A Russian person, seeing this 18th century Norwegian house, would recall Baba Yaga, who lived in a house on chicken legs. Baba Yaga was an ogress with raggedy clothing, crooked teeth, a hunched back, and a long nose that touched the ceiling when she lay on her bed. Her house on legs could turn itself in any direction she wanted, and move anywhere around the forest it was situated in. More distant travel was no problem. She could ride across the sky in a mortar. With one hand she wielded the pestle, either as a paddle to power it, or a rudder to guide it. In her other hand she brandished a broom, to wipe away all traces of her tracks.
Regrettably, she was in the habit of abducting, cooking and eating children, employing a flock of black geese for reconnaissance. Sometimes she accompanied Death on his travels, scooping up the fresh carcasses. You may conclude she was a totally wicked monster, but not so! She was ambivalent, more like the archetypal Trickster than the Evil Witch. If it pleased her, she would sing while sprinkling corpses with the Water of Life to revivify them, and help people in trouble or danger.
A similar Trickster is the Norse God Loki, who repeatedly deceives, frustrates and antagonises the Gods of Asgard, and yet is the supplier of their prized possessions, like the Hammer of Thor, and the eight-legged horse of Odin. His usefulness safeguarded him from being dealt with until he overstepped himself, but that’s another story.
The fascinating richness of such folktales is seen in the many different ways they can be interpreted. Baba Yaga can be seen as a typical creation of male misogyny – an unglamorous, unpredictable, untrustworthy, man-eating femme fatale. Or she can be an embodiment of female empowerment and independence, who refuses to be bound by social norms and conventions, but lives by her own rules.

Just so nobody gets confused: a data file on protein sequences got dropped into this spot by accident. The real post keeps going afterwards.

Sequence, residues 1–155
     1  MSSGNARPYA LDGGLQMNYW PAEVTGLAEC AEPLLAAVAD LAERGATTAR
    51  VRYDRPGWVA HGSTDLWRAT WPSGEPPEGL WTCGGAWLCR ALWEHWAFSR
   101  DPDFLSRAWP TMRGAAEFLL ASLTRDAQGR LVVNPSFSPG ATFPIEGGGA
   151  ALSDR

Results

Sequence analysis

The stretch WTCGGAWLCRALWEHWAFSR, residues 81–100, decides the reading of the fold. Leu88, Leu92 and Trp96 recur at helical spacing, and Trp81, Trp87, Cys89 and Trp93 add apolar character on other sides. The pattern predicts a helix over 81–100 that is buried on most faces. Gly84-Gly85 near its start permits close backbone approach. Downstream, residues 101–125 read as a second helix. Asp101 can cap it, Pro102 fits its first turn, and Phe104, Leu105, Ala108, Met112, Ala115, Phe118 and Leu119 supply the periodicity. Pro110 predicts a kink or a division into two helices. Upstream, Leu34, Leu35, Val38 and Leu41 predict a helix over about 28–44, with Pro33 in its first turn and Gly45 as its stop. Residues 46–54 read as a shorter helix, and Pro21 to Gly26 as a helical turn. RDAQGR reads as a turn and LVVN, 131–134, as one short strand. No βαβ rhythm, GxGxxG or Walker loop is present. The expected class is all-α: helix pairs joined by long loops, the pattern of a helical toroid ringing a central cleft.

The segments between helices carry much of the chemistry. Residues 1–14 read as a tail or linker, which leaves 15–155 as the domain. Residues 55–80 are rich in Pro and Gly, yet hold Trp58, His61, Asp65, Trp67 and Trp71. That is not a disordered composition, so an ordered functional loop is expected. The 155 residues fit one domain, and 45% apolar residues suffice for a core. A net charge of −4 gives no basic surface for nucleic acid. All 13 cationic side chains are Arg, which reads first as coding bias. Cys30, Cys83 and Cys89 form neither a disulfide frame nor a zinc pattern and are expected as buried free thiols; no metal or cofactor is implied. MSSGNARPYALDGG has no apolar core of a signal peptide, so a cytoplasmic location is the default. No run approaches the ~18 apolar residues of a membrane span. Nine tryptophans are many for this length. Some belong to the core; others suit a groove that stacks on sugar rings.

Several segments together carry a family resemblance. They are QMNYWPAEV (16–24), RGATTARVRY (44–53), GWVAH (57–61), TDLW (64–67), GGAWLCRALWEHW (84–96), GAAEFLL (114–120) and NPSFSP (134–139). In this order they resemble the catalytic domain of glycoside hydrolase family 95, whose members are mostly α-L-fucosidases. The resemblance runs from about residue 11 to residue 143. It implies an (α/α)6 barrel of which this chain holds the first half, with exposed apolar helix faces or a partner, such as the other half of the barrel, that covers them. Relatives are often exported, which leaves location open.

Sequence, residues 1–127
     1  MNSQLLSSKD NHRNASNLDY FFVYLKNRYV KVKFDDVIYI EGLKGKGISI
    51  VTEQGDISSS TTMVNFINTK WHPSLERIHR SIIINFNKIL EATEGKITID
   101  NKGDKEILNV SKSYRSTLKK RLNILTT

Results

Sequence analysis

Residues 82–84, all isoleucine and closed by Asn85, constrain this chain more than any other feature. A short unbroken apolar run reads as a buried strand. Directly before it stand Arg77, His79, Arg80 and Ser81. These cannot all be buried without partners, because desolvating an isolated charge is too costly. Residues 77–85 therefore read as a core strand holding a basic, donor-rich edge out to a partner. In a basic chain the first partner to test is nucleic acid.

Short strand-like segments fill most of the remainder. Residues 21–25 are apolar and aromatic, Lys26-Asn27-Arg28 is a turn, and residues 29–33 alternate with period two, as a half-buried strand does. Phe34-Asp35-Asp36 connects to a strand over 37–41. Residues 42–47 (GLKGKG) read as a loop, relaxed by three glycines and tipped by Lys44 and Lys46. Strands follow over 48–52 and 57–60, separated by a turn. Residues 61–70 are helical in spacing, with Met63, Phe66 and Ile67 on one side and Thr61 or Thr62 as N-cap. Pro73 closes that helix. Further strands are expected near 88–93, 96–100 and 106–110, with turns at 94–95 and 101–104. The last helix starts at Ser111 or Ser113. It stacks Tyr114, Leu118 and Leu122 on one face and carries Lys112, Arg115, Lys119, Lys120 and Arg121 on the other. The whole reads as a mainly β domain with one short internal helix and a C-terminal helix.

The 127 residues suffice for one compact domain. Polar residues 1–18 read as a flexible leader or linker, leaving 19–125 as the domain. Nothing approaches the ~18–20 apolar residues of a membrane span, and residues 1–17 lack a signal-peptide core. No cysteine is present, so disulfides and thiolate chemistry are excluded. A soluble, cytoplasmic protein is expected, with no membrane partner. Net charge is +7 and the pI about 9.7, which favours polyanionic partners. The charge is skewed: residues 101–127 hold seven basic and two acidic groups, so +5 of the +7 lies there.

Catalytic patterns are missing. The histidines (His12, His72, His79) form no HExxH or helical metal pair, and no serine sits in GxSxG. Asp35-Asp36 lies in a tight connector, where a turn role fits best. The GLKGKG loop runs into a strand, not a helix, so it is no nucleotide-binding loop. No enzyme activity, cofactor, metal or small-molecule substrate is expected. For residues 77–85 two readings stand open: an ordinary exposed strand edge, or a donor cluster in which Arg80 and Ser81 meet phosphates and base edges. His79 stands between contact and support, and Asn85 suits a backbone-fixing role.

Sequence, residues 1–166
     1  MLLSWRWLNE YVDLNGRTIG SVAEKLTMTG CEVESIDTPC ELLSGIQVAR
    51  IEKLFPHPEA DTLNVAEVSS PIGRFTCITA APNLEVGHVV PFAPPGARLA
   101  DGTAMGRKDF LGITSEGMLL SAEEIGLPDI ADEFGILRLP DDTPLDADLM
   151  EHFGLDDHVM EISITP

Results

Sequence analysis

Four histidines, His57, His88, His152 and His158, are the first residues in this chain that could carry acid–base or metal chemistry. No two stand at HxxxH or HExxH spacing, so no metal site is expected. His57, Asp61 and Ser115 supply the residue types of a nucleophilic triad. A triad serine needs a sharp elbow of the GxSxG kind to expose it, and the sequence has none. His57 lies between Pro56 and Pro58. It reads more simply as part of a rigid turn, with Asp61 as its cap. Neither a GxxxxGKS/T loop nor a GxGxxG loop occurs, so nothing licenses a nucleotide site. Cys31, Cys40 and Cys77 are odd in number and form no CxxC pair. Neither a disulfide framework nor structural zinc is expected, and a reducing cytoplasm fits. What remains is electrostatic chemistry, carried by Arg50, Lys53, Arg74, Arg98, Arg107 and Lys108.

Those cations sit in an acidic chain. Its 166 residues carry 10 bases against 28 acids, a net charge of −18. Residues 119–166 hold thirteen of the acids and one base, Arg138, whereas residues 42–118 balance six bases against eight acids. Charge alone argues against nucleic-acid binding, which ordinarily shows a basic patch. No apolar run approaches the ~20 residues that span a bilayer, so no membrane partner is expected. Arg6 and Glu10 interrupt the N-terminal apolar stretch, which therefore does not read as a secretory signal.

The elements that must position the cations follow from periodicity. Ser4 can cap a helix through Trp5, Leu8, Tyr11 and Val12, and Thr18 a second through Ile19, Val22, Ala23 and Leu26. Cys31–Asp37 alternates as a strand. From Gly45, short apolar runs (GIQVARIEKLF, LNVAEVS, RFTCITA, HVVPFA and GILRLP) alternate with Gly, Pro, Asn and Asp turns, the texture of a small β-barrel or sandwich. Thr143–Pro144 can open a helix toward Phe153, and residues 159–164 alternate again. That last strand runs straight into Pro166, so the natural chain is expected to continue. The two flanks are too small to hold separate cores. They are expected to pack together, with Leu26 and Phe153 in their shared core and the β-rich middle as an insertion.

Life, like Baba Yaga, is ‘ambivalent’. It’s experienced as a duality of beneficence and harmfulness. This duality demands that if the Sky Father is regarded as totally ‘good’, he must be counter-balanced by the Devil from Hell to explain what’s not ‘good’. The Earth Mother turns that duality into unity. With one hand, she gives birth to, and nourishes her offspring, but with the other hand, she requires that they die, so their bodies can be taken back into herself to enable fresh life to appear. She feels no need to apologise for that.
The analytical psychologist, Carl Jung, sees the Trickster as one facet of another psychological archetype, the Shadow. This is the dark and sinister aspect of the individual (or ‘the mob’), that’s usually, but not invariably, suppressed or rejected. The Hitlers of this world can become terrifyingly possessed by it. The Shadow appears in dreams, visions, myths and such folktales as Baba Yaga, which give representation to what we most fear, or find most unpalatable, in our own psychological makeup. This is why they can be so horrifying, and yet so fascinating.
The ambivalence of Baga Yaga, however, offers us the possibility of what Jung called ‘self-actualisation’. Our need is not to suppress or deny, our ‘shadow’ side, but face up to, and bring into the light of awareness, our propensity for selfishness and greed, envy and jealousy, hatred and violence. Only then can these be brought under conscious control and be neutralised. Only then can our better aspects of considerateness and generosity, selflessness and fairness, and kindness and supportiveness, be more able to become the principal motivating and controlling aspects of our personal characteristics and our relationships with others.
And, finally, a treat. One of the lesser-known lights of 19th century Russian music is Anatoly Liadov, who was as immensely lazy as he was musically talented. One of the small number of delightful, picturesque pieces he composed was ‘Baba Yaga’, and here it is. To borrow from the American composer John Adams, for 4 minutes have “a short ride on a fast pestle” and, if you enjoy it, as a counterpart, look on youtube for Liadov’s “The Enchanted Lake” which is so dreamily beautiful …..
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